GPhC New Inspection Model presentation Jan 2014 Final LH

The New GPhC Inspection Model
Leyla Hannbeck,
Head of Pharmacy Services,
The new inspection model
“A show me, tell me story”
Based on FIVE principles and
the underpinning GPhC
1. Governance
2. Empowered and
competent staff
3. Managing pharmacy
4. Delivering pharmacy
5. Equipment and facilities
Principle 1: Governance arrangements
This is all about managing the potential risks that processes
and services may pose to patients/public
NPA standard
Standard operating procedures (SOPs)
 Staff have clear roles
 Complaints procedure
NHS Complaints
Record Book
 Appropriate records
 Safeguarding Children and vulnerable
Principle 2: Empowered and competent staff
This is all about the competency of staff, the skill mix and the
way that training is managed within the pharmacy
 Sufficient staff with appropriate skill mix
This is to
certify that:
 Training is appropriately supervised
 Culture of openness, honesty and
Incentives/targets should not affect patient
Principle 3: Managing pharmacy premises
This is all about having well-maintained pharmacy premises
that are hygienic, well-designed and secure
 Well-maintained and safe pharmacy
 Compliant with the Health Act
 Clean and hygienic
Principle 4: Delivering pharmacy services
This is all about the promotion and accessibility of pharmacy
services to the public, and ensuring safe delivery of these
 Clearly displayed pharmacy services
 Promotion of healthy lifestyles
 Stock is sourced, stored, supplied and
disposed of appropriately
Services benefiting local community
Principle 5: Equipment and facilities
This is all about ensuring that equipment and facilities used
in the pharmacy are safe and for for purpose
 Well-maintained equipment is
 Equipment is fit for purpose and to
the appropriate safety standard
 IT equipment protects
“A show me, tell me story” by the NPA
Video clips for
pharmacists and
their teams on NPA
How am
I doing?
Summary of NPA resources:
The following resources are available in this series, with further documents planned in due course:
“GPhC inspections “A show me, tell me story”: introduction”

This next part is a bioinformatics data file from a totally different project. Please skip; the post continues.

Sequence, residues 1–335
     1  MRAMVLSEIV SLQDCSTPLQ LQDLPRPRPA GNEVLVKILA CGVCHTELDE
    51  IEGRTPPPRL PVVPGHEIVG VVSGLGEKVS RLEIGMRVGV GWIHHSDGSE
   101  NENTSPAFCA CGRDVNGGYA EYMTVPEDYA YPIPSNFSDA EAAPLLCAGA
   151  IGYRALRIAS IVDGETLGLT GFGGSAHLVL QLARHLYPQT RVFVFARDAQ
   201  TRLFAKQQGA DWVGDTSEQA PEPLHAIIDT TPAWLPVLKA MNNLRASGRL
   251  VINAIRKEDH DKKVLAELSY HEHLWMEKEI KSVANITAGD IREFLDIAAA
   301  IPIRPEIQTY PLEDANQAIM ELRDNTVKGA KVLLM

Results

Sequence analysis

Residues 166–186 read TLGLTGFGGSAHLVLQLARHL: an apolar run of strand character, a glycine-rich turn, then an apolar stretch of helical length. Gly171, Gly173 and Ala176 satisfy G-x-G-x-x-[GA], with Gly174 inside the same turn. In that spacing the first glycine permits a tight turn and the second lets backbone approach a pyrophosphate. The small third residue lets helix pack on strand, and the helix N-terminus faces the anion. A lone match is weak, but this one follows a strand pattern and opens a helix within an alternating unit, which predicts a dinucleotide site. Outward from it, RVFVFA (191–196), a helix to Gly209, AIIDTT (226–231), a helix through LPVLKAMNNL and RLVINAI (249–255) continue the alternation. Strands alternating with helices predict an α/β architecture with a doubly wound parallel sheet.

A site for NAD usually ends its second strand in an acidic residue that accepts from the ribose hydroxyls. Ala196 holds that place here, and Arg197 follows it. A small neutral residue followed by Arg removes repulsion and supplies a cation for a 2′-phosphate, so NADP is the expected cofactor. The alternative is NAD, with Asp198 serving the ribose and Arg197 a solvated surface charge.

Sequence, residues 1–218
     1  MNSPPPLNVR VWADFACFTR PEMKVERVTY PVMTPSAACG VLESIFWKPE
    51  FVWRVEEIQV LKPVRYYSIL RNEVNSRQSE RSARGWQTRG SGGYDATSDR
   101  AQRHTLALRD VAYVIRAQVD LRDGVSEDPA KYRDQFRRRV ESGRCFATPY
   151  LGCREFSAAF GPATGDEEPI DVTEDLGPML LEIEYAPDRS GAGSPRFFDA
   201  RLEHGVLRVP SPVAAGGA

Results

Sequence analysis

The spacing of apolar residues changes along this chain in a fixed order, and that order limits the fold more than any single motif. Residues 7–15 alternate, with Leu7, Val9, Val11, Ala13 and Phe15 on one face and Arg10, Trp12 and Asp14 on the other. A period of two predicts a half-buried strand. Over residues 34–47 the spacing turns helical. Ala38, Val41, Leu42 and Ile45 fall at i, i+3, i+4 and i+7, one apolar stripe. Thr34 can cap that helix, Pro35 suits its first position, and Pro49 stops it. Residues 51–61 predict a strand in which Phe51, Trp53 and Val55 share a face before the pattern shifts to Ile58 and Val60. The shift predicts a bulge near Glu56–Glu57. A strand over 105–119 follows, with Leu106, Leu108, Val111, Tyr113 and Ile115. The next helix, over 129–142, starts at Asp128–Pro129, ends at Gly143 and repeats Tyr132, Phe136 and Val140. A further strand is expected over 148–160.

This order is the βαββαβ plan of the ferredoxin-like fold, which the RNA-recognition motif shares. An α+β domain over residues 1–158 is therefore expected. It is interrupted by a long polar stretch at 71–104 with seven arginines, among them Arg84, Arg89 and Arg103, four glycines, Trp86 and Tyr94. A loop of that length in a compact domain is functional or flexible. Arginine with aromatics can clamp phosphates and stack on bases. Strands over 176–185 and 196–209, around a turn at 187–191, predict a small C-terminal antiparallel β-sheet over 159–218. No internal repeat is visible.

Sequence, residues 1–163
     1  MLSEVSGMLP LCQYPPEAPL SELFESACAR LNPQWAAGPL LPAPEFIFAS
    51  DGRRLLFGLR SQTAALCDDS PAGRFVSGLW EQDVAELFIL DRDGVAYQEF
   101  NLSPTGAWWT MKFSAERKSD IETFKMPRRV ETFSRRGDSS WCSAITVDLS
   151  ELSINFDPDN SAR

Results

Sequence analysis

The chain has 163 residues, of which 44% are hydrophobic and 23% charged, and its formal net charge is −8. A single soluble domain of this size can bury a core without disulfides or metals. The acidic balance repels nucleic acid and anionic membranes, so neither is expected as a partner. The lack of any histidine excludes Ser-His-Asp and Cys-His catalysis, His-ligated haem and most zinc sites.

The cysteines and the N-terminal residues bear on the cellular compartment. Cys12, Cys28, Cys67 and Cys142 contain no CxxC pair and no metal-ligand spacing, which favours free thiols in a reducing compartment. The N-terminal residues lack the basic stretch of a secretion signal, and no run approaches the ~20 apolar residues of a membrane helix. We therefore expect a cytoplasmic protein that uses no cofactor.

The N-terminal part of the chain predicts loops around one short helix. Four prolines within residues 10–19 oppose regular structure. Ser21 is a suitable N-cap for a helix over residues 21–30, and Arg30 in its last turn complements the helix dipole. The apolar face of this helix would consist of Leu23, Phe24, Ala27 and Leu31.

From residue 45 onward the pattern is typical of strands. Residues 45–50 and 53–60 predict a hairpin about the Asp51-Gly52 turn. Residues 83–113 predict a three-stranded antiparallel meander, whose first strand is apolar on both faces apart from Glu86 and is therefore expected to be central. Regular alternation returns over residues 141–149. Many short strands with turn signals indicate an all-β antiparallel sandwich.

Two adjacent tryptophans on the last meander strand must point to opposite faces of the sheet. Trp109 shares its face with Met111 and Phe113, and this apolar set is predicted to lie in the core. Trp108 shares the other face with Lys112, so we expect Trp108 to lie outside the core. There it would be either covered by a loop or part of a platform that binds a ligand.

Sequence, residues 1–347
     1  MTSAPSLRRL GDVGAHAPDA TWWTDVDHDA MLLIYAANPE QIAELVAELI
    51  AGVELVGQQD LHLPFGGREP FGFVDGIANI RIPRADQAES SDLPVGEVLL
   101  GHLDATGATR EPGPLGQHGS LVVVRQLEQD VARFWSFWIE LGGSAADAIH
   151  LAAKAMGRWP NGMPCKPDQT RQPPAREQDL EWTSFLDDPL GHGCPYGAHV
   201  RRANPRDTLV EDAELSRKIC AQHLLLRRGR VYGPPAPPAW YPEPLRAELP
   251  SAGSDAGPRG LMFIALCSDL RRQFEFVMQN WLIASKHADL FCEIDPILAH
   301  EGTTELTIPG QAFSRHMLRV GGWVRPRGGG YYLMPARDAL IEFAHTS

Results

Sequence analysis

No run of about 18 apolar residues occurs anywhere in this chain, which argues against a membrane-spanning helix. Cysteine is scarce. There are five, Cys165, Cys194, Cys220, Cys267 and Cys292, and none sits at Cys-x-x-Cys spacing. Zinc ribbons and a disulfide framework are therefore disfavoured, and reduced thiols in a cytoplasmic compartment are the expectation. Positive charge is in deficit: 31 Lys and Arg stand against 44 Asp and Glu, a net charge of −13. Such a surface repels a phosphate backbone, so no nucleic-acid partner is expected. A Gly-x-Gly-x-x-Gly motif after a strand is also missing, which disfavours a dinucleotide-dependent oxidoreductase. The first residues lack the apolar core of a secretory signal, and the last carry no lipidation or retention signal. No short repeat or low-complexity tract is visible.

“GPhC inspections “A show me, tell me story”: Guidance — Principle 1”
“GPhC inspections “A show me, tell me story”: Guidance — Principle 2”
“GPhC inspections “A show me, tell me story”: Guidance — Principle 3”
“GPhC inspections “A show me, tell me story”: Guidance — Principle 4”
“GPhC inspections “A show me, tell me story”: Guidance — Principle 5”
“GPhC inspections: “A show me, tell me story”: Self-assessment grading”
“GPhC Inspections: FAQs (Dec 2013)”
“GPhC inspections: NHS public health campaign pharmacy log”
“GPhC inspections: Pharmacy cleaning matrix”
“GPhC inspections: Pharmacy date-checking matrix”
“GPhC inspections: Pharmacy drug/device alert log”
“GPhC inspections: Pharmacy maintenance issues log”
“GPhC inspections: Recommended resources”
“GPhC inspections: Pharmacy self care log”
“GPhC inspections: Pharmacy signposting record log”
“GPhC inspections: Pharmacy team training record” (for individual members of the pharmacy team)
“GPhC inspections: Sale of medicines protocol guidance”
Other NPA resources:
Standard operating procedures:
o Controlled Drugs
o Responsible pharmacist
o National Patient Safety Agency (for example, supplying insulin, supply of lithium therapy)
o Medicines Use Review
How do inspectors grade pharmacies?
Our aim =
What if my pharmacy receives a poor* judgement?
 Action plan
 Superintendent
pharmacist to
respond within two
Moderate or high risk
to patient safety:
 Rectify within TEN
working days
No significant risk (ie
satisfactory but some
standards not met)
 Rectify within
TWENTY working
Scenario 1
Dispensing error: Tegretol Prolonged Release tablets 200mg